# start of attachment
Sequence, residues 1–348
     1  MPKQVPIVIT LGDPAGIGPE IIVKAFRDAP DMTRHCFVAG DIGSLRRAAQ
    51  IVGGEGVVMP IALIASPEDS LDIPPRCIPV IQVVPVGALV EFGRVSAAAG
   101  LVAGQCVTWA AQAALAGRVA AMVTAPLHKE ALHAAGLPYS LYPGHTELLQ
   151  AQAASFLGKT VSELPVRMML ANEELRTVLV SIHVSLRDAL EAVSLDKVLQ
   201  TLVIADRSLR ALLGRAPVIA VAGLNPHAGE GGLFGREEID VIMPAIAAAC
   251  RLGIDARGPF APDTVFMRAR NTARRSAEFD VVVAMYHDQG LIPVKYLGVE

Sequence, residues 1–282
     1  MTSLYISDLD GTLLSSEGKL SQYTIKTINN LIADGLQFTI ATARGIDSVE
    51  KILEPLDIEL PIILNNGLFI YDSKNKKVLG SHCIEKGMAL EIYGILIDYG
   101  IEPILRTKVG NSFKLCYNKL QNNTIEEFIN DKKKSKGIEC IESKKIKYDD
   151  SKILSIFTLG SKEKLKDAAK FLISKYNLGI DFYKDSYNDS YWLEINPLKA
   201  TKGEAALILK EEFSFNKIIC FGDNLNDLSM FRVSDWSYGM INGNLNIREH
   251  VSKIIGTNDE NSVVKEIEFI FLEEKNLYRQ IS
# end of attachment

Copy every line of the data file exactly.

Sequence, residues 1–348
     1  MPKQVPIVIT LGDPAGIGPE IIVKAFRDAP DMTRHCFVAG DIGSLRRAAQ
    51  IVGGEGVVMP IALIASPEDS LDIPPRCIPV IQVVPVGALV EFGRVSAAAG
   101  LVAGQCVTWA AQAALAGRVA AMVTAPLHKE ALHAAGLPYS LYPGHTELLQ
   151  AQAASFLGKT VSELPVRMML ANEELRTVLV SIHVSLRDAL EAVSLDKVLQ
   201  TLVIADRSLR ALLGRAPVIA VAGLNPHAGE GGLFGREEID VIMPAIAAAC
   251  RLGIDARGPF APDTVFMRAR NTARRSAEFD VVVAMYHDQG LIPVKYLGVE

Sequence, residues 1–282
     1  MTSLYISDLD GTLLSSEGKL SQYTIKTINN LIADGLQFTI ATARGIDSVE
    51  KILEPLDIEL PIILNNGLFI YDSKNKKVLG SHCIEKGMAL EIYGILIDYG
   101  IEPILRTKVG NSFKLCYNKL QNNTIEEFIN DKKKSKGIEC IESKKIKYDD
   151  SKILSIFTLG SKEKLKDAAK FLISKYNLGI DFYKDSYNDS YWLEINPLKA
   201  TKGEAALILK EEFSFNKIIC FGDNLNDLSM FRVSDWSYGM INGNLNIREH
   251  VSKIIGTNDE NSVVKEIEFI FLEEKNLYRQ IS